Celiac Disease: A Medical Overview
What is Gluten?
Gluten is a protein found in wheat (durum, emmer, spelt, farina, farro, Kamut khorasan wheat and einkorn), rye, barley and triticale, as well as all other derivatives of these cereal grains. Gluten helps foods maintain their shape, acting as a glue that holds food together.
What is Celiac Disease?
It is an autoimmune disease of the digestive track. When the protein, gluten, is ingested, it damages the villi in the small intestine, thus interfering with the adsorption of nutrients from food. The body essentially attacks itself when gluten enters the body. When gluten is continually ingested (before diagnosis) the villi become so damaged, the small intestine so inflamed, that your body begins to breakdown because it is becoming malnourished since nutrients are unable to be absorbed into the bloodstream. Diagnosis is so important because when left untreated, the body can develop more autoimmune diseases, severe nutrient deficiencies, anemia, osteoporosis, infertility, thyroid disorders, cancer, and even death.
What are the symptoms?
This can be the tricky part as some people never experience any direct symptoms that they can relate to a digestive problem. Let me explain. Children are more likely to be the ones to experience severe digestive issues but adults can also experience these including: abdominal pain and bloating, gas, distended abdomen, chronic diarrhea, vomiting, constipation, or oily/foul-smelling/fatty stool. Other symptoms include: fatigue, weight loss, irritability, discolored teeth or dental problems, delayed growth or puberty (failure to thrive), anemia, bone/joint pain, arthritis, bone loss/osteoporosis, depression or anxiety. Other symptoms include, tingling numbness in hands or feet, seizures and migraines, loss of menstrual cycle, infertility, miscarriages, canker sores inside the mouth, an itchy skin rash called dermatitis herpetiformis. However, some people can go for years without any severe symptoms, maybe they just get some bad headaches, but they would never think they have a severe autoimmune disorder.
Who is at risk?
Celiac Disease is not restricted to gender, age, or race. But some people will be at greater rick due to these factors. Being a 1st or 2nd degree relative with someone who has Celiac. Celiac is a genetic based disease so if someone in you family is diagnosed, your risk is increased. 10% of family members will develop the condition. Having the HLA-DQ2 and DQ8 genes puts you at risk. 95% of those with Celiac have the HLA-DQ2 gene and the others will have the DQ8. Having other autoimmune disorders puts you at risk for developing others. If you currently have an autoimmune disorder, you are more likely to develop Celiac.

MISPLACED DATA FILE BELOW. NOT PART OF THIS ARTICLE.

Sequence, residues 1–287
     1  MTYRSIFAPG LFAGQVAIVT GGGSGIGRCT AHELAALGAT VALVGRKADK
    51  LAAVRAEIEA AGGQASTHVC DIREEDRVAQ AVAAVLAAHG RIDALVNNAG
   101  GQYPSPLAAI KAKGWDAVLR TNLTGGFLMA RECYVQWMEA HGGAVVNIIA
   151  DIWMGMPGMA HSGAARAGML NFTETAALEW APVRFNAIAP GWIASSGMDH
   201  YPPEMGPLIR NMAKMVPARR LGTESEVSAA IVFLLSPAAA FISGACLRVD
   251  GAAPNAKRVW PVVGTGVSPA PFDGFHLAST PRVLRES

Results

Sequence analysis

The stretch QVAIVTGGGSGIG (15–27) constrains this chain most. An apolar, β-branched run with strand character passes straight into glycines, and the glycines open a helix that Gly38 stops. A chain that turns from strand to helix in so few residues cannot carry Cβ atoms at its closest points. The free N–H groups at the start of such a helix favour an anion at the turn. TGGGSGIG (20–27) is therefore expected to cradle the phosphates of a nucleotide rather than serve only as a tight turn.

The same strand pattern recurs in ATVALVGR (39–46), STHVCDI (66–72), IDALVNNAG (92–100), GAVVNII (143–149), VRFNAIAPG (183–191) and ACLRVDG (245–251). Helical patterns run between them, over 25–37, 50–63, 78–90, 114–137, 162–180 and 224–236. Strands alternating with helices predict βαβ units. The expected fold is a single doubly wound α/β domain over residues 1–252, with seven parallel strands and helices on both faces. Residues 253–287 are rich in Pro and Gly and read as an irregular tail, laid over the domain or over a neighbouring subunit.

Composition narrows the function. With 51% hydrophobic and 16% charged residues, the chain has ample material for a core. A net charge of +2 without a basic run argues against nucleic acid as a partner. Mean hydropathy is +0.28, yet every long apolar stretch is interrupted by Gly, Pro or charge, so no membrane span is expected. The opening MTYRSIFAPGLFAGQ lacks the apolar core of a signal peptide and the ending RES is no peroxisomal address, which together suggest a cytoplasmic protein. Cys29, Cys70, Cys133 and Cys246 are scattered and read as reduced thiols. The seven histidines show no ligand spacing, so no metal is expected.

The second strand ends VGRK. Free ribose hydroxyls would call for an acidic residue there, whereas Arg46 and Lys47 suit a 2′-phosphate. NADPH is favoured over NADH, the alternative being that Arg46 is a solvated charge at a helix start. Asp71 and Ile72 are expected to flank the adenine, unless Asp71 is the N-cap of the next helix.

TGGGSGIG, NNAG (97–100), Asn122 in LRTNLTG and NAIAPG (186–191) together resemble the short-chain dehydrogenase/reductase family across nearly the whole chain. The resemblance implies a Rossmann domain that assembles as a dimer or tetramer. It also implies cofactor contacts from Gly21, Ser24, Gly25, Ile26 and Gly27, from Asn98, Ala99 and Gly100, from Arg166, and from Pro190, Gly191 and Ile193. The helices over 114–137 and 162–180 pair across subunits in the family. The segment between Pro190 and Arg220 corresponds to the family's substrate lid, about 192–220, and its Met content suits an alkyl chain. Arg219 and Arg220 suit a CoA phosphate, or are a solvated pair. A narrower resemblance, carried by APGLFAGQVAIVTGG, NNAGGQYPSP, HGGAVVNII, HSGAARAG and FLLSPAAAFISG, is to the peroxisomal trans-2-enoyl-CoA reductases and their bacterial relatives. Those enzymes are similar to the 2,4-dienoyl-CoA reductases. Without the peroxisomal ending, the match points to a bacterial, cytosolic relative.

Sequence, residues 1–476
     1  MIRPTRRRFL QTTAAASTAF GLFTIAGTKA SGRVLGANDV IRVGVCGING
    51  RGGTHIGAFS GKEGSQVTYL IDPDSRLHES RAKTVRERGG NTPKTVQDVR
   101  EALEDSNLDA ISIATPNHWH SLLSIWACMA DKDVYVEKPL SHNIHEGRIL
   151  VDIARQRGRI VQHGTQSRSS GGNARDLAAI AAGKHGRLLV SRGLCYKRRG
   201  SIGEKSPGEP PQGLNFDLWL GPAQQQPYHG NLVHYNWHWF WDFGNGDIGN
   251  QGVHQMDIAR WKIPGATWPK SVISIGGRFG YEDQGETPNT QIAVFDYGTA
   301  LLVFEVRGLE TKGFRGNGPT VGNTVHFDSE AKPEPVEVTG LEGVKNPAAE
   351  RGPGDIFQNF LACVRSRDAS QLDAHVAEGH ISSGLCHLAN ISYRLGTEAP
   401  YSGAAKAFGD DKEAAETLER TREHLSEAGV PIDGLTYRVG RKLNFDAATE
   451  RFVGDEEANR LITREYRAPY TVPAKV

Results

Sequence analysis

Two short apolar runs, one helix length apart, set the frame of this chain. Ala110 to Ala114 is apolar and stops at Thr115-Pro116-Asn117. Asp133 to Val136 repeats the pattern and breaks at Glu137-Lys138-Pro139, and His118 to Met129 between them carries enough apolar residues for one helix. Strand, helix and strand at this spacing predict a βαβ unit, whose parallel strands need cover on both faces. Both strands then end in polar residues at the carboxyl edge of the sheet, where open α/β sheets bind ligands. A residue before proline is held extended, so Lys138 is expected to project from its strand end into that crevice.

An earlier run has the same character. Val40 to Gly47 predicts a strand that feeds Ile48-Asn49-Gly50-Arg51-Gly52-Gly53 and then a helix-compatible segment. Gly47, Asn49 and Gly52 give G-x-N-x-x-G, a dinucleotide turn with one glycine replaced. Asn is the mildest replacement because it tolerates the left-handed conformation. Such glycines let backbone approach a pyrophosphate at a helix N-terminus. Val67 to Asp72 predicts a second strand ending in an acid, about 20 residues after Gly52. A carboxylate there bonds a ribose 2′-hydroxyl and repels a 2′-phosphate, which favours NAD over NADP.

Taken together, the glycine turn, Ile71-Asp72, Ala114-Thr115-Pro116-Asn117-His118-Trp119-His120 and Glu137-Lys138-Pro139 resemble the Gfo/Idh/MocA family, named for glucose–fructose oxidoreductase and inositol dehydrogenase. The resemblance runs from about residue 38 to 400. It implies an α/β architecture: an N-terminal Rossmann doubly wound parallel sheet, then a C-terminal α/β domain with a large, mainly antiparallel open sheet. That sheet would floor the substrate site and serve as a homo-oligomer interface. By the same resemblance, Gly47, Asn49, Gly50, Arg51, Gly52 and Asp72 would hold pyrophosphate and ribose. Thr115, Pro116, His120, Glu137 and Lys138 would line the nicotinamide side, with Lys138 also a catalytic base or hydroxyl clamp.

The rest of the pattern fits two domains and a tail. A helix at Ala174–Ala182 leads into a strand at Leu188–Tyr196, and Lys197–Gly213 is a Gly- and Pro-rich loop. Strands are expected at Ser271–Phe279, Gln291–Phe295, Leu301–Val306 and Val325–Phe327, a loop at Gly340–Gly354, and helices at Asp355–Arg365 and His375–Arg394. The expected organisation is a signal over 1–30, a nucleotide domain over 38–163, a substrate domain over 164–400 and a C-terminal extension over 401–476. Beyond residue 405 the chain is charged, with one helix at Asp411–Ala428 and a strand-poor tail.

How am I Diagnosed?
Remember in elementary school when you are sitting at your table coloring a picture and the girl to your left picks up the same crayon that you just put down. She then proceeds to copy the exact picture you have in front of yourself. You can’t even tell whose is whose, they are so similar. Well that girl to your left is Celiac Disease. Diagnosing Celiac is so difficult because it mimics the symptoms of so many other diseases like irritable bowl syndrome, Crohn’s, intestinal infections, lactose intolerance, and even depression. Tests for Celiac are often rarely accurate and you have to be still eating a gluten-filled diet to get any positive results.
The most common tests are blood tests which measure your total IgA, IgA-tTG, Iga-EMA, IgG/IgA-DGP, or IgG-AGA. These all measure your body’s response to gluten. If these results come back with positive results, you doctor will most likely call for an endoscopy to take a biopsy of the small intestine to confirm the diagnosis. However, you results may come back very ambiguous, but that does not mean you do not have Celiac. In this case you may want to start an elimination diet for a few weeks to see if your body begins to heal without any gluten in your system.
What about treatment?
Well, if you have Celiac Disease, the one any only treatment is a strict lifelong gluten-free diet. That means no gluten, no matter how small or in what form, must ever enter your body. You must avoid all forms of gluten which include the main 3: wheat, barley, and rye. But this also includes all of their derivatives like spelt, triticale, khorasan, farro, durum, modified food starch, and even contaminated oats. Any product that contains more than 20ppm of gluten is not safe, and even 20ppm can be too much for most Celiacs. But you are not deprived of all grains. There are so many alternatives including: rices, quinoa, buckwheat, corn, nut flours, amaranth, teff, etc. Plus you are still able to eat all fruits, veggies, clean meats, dairy, eggs, beans, and nuts.
What about gluten intolerences and allergies?
A gluten intolerance or allergy is not the same thing as Celiac Disease. They are both not autoimmune diseases, but other bodily reactions. An intolerance is when you experience the symptoms of Celiac, but lack the antibodies and intestinal damage seen with Celiac Disease. It is an innate immune response (not antigen specific) unlike Celiac which is an adaptive immune response. A gluten allergy (or more likely a wheat allergy) is exactly what is says, an allergy. It is an allergic reaction to foods containing wheat (usually not all gluten). Wheat is one of the top 8 allergens.
It generates an allergy-causing antibody to the proteins found in wheat, but not just gluten. Symptoms will also include more “allergic type reactions” as seen in the other top 7 allergens. Including swelling or tightness of the throat, chest pain or tightness, difficulty breathing, trouble swallowing, pale/blue skin (lack of oxygen), dizziness or fainting, increased heartbeat. Essentially you will have an anaphylaxis reaction requiring immediate medical care and will need to carry an Epi-Pen.
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